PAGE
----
Having taken a look at the reasons England had for not weighing in on the side of the Confederacy, we'll now continue with the second half of Rhett's line and examine France's stance:
"And as for France, that weak imitation of Napoleon is far too busy establishing the French in Mexico to be bothered with us. In fact he welcomes this war, because it keeps us too busy to run his troops out of Mexico..."
--Gone with the Wind, Chapter XIII
The "weak imitation of Napoleon" is of course Napoleon III, the nephew of The Napoleon (tm, because Bugsie likes him a great deal) and emperor of the Second French Empire. Now, weak imitation of his uncle or not, Napoleon III had plans for the world. All of the world, but some areas in particular. And it so happened that he had a most excellent plan with everything south of the United States, a plan known as the "Grand Scheme for the Americas." Don't let its name deceive you, the Grand Scheme was quite simple really. First step: France gains control of Central and South America and their resources. Second step: France rules the world.
Napoleon saw an opening for his first step when Mexico (temporarily) ceased to pay its debts to its European creditors in 1861. France quickly made an alliance with the other wronged parties, Spain and England, launched an attack on Mexico, lost its allies on the way (they caught wind of step two and didn't like it one bit, basically), but still managed to take control of the capital and install Maximilian of Hasburg at the head of a puppet state under French control. Most of this was accomplished because the United States had the courtesy to be otherwise engaged at the time, so yes, the French did welcome the American Civil War in this respect, as Rhett says. After the Civil War ended, the US troops and the Mexican resistance would in fact run them out of Mexico.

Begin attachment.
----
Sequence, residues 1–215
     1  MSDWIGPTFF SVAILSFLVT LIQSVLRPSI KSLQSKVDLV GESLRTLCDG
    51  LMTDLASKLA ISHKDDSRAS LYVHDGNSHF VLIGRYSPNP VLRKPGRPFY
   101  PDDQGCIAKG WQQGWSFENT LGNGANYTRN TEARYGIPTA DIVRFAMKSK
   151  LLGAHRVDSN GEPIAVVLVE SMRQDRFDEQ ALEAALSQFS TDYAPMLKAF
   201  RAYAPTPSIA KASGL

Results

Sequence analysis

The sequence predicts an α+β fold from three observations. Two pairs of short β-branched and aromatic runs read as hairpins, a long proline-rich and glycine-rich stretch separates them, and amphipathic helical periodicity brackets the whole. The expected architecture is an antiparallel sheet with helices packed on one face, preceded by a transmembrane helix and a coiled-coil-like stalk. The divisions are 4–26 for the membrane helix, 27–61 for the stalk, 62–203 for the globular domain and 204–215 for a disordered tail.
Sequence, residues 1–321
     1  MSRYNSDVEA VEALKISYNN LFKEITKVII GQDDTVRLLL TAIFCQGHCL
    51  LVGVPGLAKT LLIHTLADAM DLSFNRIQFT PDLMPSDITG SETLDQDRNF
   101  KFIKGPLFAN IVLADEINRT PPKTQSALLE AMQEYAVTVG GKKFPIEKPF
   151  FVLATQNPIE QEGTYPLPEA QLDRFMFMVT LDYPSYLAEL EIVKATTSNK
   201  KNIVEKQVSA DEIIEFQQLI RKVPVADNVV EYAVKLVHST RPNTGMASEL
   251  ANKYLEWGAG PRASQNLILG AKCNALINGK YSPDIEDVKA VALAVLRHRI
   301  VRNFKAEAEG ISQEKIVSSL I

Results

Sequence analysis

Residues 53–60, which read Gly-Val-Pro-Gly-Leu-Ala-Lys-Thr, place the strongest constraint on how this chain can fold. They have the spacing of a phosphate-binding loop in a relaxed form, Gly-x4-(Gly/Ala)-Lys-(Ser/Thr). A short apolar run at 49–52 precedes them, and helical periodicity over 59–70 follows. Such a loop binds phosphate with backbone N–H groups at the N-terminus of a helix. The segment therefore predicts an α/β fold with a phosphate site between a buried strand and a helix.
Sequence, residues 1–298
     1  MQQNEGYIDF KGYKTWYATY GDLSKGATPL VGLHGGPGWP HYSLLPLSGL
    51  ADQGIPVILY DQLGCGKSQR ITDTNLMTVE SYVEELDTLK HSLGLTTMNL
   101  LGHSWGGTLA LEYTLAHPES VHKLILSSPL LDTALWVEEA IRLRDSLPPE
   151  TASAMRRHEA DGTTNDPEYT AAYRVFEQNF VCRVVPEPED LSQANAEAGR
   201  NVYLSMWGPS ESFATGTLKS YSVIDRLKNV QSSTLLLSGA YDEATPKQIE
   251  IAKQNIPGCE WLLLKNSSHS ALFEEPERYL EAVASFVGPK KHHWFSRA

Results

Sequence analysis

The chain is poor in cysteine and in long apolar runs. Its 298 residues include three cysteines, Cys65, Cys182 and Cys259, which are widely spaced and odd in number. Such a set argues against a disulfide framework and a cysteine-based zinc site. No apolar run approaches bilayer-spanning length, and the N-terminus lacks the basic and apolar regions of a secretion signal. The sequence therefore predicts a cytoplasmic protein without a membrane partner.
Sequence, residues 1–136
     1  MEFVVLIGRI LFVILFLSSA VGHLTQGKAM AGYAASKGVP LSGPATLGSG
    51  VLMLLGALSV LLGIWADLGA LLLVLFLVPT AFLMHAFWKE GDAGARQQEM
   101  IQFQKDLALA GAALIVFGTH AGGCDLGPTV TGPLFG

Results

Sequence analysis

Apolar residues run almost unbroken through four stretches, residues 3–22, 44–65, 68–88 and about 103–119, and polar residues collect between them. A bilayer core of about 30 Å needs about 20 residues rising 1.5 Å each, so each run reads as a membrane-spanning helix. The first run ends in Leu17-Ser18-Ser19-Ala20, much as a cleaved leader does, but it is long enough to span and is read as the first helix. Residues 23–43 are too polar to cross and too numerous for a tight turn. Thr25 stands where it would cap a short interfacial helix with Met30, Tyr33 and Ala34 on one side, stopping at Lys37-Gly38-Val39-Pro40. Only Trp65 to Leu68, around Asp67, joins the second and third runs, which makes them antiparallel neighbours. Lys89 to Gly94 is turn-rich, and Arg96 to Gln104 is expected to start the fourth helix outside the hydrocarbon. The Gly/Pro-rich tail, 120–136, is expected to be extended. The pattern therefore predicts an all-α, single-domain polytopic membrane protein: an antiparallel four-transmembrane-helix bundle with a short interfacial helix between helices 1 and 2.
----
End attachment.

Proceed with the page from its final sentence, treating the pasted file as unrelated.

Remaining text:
But just because the Civil War suited his purposes quite fine, that doesn't mean Napoleon III didn't have a favorite in this race. He was on the side of the Confederacy, mainly because he thought the Southerners would tolerate his presence in Mexico more easily. He was quoted saying that if the North won, he would be glad, but if the South did, he would be thrilled. ("Si le Nord est victorieux, j'en serai heureux, mais si le Sud l'emporte, j'en serai enchanté!") But despite this, he wouldn't act unwisely (for a certain value of "wisdom," where "wisdom" = "what would England do"). And England would not act, for reasons we discussed last week. So France didn't either. And the rest is, as they say, history.